Pruning Evergreens in Summer
I often get emails asking about the best time to prune. The answer is, it depends. Diseased, dead, or damaged branches can be pruned out at any time. Live growth has to be treated differently, however. When you prune live growth, you encourage new growth. This growth needs time to adjust. Don’t prune late in the fall, because the new growth will be exposed to winter before it has hardened off.
Evergreens can be pruned in the spring and summer. If you prune as the new growth is coming out, you can take off all the new growth. If you delay pruning until mid-summer, prune no more than two thirds of the new growth. I like to prune late in the winter or early spring, just before the new growth starts. This way the new growth hides the cuts.
The How-To Details
According to Diane Relf of the Virginia Cooperative Extension Service, “Two basic pruning cuts are useful in pruning evergreens - heading and thinning. Heading refers to shortening a branch by cutting it back to just above a bud or smaller branch. Thinning involves removing a branch at its point of origin, which could be a trunk or the ground. Heading causes a proliferation of new shoots below each cut, and gives plants a stiff, formal appearance in the long run. Thinning creates gaps for light to penetrate thick foliage, and it results in a more open, informal effect that reflects an evergreen's natural growth habit. Use both techniques to control plant size and maintain attractive features.”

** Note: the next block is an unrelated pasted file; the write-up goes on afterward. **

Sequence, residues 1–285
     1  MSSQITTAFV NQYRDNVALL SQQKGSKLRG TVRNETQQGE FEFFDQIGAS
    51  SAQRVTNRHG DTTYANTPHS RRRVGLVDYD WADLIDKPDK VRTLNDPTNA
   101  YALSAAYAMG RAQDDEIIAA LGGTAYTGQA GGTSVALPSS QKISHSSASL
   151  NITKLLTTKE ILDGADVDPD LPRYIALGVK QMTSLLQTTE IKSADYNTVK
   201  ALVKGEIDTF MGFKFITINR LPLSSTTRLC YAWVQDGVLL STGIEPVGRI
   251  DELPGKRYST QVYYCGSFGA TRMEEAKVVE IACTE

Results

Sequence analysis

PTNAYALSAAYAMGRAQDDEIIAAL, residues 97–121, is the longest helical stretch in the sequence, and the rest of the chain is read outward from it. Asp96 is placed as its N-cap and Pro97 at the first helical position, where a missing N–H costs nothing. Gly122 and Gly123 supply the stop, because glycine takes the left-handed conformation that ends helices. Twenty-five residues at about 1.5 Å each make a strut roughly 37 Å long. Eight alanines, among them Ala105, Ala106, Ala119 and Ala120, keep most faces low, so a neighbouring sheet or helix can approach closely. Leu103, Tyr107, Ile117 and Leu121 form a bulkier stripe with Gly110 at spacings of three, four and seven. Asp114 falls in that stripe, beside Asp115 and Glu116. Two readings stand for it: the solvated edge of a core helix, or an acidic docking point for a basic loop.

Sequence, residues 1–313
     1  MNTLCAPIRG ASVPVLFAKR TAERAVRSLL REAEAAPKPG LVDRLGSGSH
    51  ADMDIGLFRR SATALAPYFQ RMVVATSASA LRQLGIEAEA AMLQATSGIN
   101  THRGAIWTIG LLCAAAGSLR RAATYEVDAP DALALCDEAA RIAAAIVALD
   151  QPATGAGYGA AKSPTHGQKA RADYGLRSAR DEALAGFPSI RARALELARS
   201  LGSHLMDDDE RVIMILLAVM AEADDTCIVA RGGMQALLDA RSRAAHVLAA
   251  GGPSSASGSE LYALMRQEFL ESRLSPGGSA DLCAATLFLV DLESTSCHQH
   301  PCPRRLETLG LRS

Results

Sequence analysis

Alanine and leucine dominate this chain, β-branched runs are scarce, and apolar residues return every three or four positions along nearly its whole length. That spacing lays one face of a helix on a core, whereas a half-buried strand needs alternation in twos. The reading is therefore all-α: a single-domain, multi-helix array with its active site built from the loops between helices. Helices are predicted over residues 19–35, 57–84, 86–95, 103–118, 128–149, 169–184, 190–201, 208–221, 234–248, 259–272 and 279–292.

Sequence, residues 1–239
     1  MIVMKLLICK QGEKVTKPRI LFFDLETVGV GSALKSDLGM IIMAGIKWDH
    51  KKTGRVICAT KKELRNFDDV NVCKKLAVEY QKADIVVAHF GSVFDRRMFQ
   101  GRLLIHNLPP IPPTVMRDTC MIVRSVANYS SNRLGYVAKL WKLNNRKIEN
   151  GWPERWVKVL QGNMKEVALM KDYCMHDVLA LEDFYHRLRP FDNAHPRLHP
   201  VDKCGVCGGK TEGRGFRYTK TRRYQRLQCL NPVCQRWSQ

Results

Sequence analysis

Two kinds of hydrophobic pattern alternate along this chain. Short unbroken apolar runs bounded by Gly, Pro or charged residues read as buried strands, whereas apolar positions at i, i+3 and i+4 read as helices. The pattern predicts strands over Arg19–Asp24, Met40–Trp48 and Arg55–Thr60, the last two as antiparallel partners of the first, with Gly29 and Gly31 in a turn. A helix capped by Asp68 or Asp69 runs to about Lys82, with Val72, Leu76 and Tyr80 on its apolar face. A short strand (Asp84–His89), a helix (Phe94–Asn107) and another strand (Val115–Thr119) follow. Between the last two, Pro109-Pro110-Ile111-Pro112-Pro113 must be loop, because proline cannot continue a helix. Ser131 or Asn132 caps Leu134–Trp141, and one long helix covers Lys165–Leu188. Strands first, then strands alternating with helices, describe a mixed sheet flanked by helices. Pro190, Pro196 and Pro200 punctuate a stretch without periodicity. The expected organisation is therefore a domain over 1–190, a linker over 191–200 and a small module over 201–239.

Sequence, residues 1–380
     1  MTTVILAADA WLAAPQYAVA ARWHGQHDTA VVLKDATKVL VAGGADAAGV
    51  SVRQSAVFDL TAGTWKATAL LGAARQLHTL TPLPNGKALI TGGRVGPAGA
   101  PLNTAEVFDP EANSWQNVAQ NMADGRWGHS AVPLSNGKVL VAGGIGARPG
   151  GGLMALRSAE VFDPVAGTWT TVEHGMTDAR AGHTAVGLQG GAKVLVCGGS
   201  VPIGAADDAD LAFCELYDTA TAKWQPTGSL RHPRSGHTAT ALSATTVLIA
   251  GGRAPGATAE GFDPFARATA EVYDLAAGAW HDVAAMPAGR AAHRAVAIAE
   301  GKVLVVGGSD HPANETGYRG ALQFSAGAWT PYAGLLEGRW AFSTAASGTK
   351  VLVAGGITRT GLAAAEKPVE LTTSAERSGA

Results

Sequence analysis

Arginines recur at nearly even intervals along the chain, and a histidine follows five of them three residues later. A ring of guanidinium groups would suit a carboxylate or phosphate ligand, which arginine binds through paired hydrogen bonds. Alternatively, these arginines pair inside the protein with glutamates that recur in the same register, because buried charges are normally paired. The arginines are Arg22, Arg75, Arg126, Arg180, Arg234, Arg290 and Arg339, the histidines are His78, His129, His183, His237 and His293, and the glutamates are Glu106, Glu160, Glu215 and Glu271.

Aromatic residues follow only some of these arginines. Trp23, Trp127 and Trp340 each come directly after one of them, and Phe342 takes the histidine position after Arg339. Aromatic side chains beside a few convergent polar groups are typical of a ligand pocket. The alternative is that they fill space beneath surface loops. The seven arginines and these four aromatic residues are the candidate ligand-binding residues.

Certain plants such as Japanese Holly, Yews, and Boxwoods can stand a pretty hard shearing. The end result will look more formal, however. You can also prune these after they’ve grown for the season (in July or August) to maintain shape. I never use electric shears because they can tear the plants.
When pruning juniper, arborvitae, and other softer conifers, I’m very careful to prune one branch at a time. If you prune these rapidly, with shears, you risk creating an unnatural look to the plant.
The good news is, it’s pretty hard to kill a plant when pruning. You might end up with a misshapen plant, but often, over time, the plant will grow back. I suggest going slowly. Prune a little bit, step back after a few cuts to evaluate what you’ve done, and then prune some more.
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